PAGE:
Toyota Australia has confirmed it will end 50 years of local car making in 2017 telling its 4000 workers that the decision was taken with ‘deep sadness’’.
The company’s president Max Yasuda said in a letter to workers today the company had left “no stone unturned” over the last two years in trying to keep open the assembly plant and engine plant.
The head of the Japanese parent company, Akio Toyoda said: that every effort had been taken to keep making cars in Australia.
“However, various negative factors such as an extremely competitive market and a strong Australian dollar, together with forecasts of a reduction in the total scale of vehicle production in Australia, have forced us to make this painful decision,” Mr Toyoda said.
The closure will cause recriminations within the workforce because a small group of workers, including shop stewards, won a federal court injunction which prevented management from seeking approval for an overhaul of workplace practices.
Toyota had insisted it needed to cut the cost of making each car by $3800 in order to compete for new investments with other Toyota plants.
However, the Abbott government insisted it would cut $500 million from funding to the car industry between 2015 to 2017 and the Productivity Commission last week called for an end to all industry funding by 2020.
Ford and GM Holden had already announced they would shut their car making plants by 2016 or 2017, reducing the critical mass needed to sustain a viable car component supply chain.
Concerns will shift to the component supply chain, many of which are already struggling.
About 30,000 flow-on jobs could be lost as all three car makers wind down their production.
Toyota said it would also consider shutting its technical centre in Melbourne, which is a sophisticated research and development centre.
The end of manufacturing will not overly affect Toyota‘s share of the Australian new car market.
It provides about 20 per cent of the one million cars sold every year, led by imported models such as the Corolla and Hilux utility.
But the plant closures will cut Australia’s export earnings by billions of dollars because 70 per cent of the cars made by Toyota is sold overseas, mostly to the Middle East and United Arab Emirates.
Earlier today, Toyota Australia tried to hose down renewed speculation over its future as a manufacturer in Australia ahead of a scheduled address to its workforce by its president Max Yasuda at about 5pm.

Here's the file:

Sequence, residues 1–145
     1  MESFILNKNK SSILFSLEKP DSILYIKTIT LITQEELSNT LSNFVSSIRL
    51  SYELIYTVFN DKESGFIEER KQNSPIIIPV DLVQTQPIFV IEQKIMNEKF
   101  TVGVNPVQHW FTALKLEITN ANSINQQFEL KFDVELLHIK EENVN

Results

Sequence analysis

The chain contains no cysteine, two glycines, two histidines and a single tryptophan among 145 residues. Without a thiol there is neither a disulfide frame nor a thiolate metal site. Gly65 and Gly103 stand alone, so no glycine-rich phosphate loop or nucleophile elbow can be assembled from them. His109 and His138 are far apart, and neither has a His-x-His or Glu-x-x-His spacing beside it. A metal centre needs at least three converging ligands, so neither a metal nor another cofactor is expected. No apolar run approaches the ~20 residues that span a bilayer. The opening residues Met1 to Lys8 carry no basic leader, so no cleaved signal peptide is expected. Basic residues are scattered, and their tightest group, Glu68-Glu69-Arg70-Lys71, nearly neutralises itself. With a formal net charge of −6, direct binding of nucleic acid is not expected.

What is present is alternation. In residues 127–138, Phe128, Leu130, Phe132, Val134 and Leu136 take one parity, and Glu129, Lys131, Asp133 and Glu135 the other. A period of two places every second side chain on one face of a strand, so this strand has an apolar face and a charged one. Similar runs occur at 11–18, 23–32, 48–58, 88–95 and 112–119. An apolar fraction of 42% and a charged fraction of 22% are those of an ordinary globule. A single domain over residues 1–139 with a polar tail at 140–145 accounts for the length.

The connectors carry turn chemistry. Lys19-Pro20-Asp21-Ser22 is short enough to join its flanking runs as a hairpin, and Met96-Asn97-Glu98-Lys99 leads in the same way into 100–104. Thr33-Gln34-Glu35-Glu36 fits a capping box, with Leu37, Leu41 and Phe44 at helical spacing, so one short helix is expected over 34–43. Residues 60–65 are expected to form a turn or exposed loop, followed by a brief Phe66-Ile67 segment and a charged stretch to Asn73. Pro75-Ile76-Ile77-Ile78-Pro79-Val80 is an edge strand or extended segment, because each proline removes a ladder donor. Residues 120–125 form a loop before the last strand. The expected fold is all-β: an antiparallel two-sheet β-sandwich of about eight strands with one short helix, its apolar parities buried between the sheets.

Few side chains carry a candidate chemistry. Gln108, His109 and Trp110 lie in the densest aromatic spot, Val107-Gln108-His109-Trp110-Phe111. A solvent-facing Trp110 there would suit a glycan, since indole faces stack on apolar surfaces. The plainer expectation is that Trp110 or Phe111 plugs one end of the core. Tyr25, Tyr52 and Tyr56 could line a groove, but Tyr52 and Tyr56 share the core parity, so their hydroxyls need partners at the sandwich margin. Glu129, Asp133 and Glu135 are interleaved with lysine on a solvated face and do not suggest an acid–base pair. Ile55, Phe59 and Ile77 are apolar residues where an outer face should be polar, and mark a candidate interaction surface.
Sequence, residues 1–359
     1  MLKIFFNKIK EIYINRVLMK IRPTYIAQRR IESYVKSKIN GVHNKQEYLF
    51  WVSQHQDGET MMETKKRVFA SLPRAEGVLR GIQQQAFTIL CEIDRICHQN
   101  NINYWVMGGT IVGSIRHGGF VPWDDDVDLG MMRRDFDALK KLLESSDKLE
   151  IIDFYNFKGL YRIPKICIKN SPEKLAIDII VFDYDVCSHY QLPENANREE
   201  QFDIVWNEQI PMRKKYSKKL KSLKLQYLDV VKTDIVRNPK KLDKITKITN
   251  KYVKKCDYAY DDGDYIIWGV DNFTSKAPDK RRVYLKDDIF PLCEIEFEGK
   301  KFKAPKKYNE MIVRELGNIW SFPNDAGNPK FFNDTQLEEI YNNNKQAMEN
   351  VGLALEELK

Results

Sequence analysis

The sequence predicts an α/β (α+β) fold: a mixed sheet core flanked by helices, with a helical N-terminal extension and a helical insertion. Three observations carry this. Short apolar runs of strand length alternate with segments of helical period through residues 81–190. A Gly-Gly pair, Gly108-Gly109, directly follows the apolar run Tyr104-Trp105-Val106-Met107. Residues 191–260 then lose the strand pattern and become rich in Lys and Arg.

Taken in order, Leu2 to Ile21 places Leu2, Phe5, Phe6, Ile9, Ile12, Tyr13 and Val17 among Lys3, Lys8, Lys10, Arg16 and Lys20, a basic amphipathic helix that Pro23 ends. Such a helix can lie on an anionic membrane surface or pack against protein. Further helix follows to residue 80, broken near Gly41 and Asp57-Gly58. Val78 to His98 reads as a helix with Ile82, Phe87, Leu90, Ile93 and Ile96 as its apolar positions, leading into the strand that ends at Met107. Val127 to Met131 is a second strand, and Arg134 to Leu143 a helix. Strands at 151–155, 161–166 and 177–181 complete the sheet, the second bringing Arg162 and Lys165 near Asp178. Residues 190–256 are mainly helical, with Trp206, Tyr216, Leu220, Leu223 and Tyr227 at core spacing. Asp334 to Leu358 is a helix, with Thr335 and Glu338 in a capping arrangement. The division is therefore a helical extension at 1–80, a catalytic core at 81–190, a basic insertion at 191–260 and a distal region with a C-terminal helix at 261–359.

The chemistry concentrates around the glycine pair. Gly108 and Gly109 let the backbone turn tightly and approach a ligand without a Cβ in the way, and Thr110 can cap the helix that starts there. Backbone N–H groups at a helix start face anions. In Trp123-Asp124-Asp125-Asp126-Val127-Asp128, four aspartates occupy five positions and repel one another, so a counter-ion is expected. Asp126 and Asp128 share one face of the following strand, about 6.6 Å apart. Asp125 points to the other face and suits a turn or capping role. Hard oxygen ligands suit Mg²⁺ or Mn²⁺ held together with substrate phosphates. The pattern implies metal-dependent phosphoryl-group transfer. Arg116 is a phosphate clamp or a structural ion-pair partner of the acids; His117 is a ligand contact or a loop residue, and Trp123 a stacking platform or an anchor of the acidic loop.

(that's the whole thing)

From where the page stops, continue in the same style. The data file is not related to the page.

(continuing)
A Toyota spokeswoman said that Mr Yasuda would give his annual address at the company’s assembly plant at Altona in Melbourne’s west, and this would be broadcast to all its 4200 workers.
”We’re not making any redundancies and no decision has been made on the future of our manufacturing operations,” spokeswoman Beck Angel said.
However, security guards were later deployed this afternoon at its assembly plant and the company refused to answer further questions ahead of the announcement by Mr Yasuda.
Closure of the Toyota plant will be a massive blow to the Australian car component supply chain, which has estimated that 30,000 jobs rely on retaining at least one car maker.
It follows the hardline stance taken by the Abbott government, led by Federal Treasurer Joe Hockey, against industry assistance to the car makers and the fruit processor, SPC Ardmona.
Toyota today confirmed that it would reduce its production in the first half of this year to coincide with a model change in the important Middle Eastern market which accounts for about 70 per cent of Toyota’s Australia’s sales.
This would see Toyota’s usual one-week production break at Easter extended to a fortnight, by bringing forward non-production days from the second half of this year.
Ford Australia has said it will stop local production by October 2016 and, cutting 300 jobs later this year as its reduces output of the Falcon in response to falling sales.
Toyota has said that its parent company will make a decision this year on whether to approve new investment needed to produce a new model Camry.
The Abbott government is expected to make a decision on whether to continue car manufacting industry assistance by around March-April. The Productivity Commission has argued in a draft report that the case for continued assistance is weak.